protection and promotion, development of public policy, and effective management of the health system.
·       Health information should only be used for the purposes in which it was collected or for a directly related purpose.
         This is subject to individual consent and some exceptions set out in the draft Act.
·       Specific circumstances are set for when health information can be disclosed without consent. That includes situations
        where disclosure is necessary to provide continuing care to the person; where it can be used to prevent or minimize
        danger to the individual or to others; if an individual’s family needs to be informed about their condition in a hospital; so
        that next of kin can be identified; for peer review by professional bodies; for audits or legal situations. Different rules
        apply when an individual has chosen to include certain information in a “lock box.”
·       Custodians must keep a log of all non-routine disclosures of health information. Individuals have a right to information
        about when their health information has been disclosed.
·       The use of health information to market services or to solicit money is prohibited without individual consent.
·       Non-identifiable health information may be disclosed to anyone for any purpose.
·       Specific rules exist for disclosure of health information for research purposes.

A Health Information Commissioner would have the power to monitor the legislation, investigate complaints and resolve

·       A Health Information Commissioner would be appointed by the Lieutenant Governor in council to monitor legislation
        administration and ensure its purposes are achieved.
·       The Commissioner can review, investigate and attempt to resolve complaints relating to 1) access to health information, 2)
        fees charged, 3) correction of health information, or 4) the collection, use or disclosure of health information.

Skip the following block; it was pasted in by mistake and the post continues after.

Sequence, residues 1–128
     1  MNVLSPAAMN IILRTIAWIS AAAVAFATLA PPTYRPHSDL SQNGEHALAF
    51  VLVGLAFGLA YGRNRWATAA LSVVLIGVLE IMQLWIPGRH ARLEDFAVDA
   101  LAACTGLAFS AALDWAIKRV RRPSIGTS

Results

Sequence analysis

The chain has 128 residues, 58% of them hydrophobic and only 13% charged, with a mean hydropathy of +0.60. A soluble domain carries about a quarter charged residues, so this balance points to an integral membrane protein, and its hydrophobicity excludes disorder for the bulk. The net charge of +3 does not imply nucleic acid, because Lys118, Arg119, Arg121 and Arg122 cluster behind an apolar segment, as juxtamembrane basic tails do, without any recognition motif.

There would be serious penalties for inappropriate collection, use or disclosure of health information.

·       There are penalties for offenses such as violating the legislation in relation to 1) collection, use or disclosure of health
        information, 2) gaining or attempting to gain unauthorized access to health information, 3) misleading or obstructing the
        activities of the Commissioner, 4) failing to comply with an order, 5) destroying records to evade a request for access, or 6)
        failing to comply with a request for information.
·       Maximum penalty for an offense is a $50,000 fine.

                          s “NO”
               College say ogram
                     Phen P
             to Fen-
Prescrib                                           Fen-Phen, the short name for the drugs
                                                   fenfluramine and phentermine, is gaining popular-
 Fen-Phen                                          ity in the U.S. as a treatment for obesity, severe
                                                   allergies, asthma, chronic fatigue syndrome,
                                                   chronic pain and several other chronic conditions.
The Council of the College of
                                                   Although patients claim relief from this
Physicians and Surgeons of
                                                   combination, its long-term effects are not yet
Alberta considers it                               completely clear. There are early indications of
unacceptable medical                               serious cardiovascular complications with
                                                   long-term use.
practice, except in the context
of clinical research,                              With knowledge about the safety of this treatment
to use fenfluramine and                            still in a preliminary stage, the College of
                                                   Physicians and Surgeons of Alberta considers the
phentermine in dosages
                                                   prescribing of the Fen-Phen program unacceptable
substantially                                      medical practice, except in the context of clinical
larger or for                                      research approved by an appropriate Research
                                                   Ethics Board.
indications other
than those                                                    For more information contact Dr. Bryan Ward
currently                                                     at the College.
recommended by
the manufacturer.

                                  Year In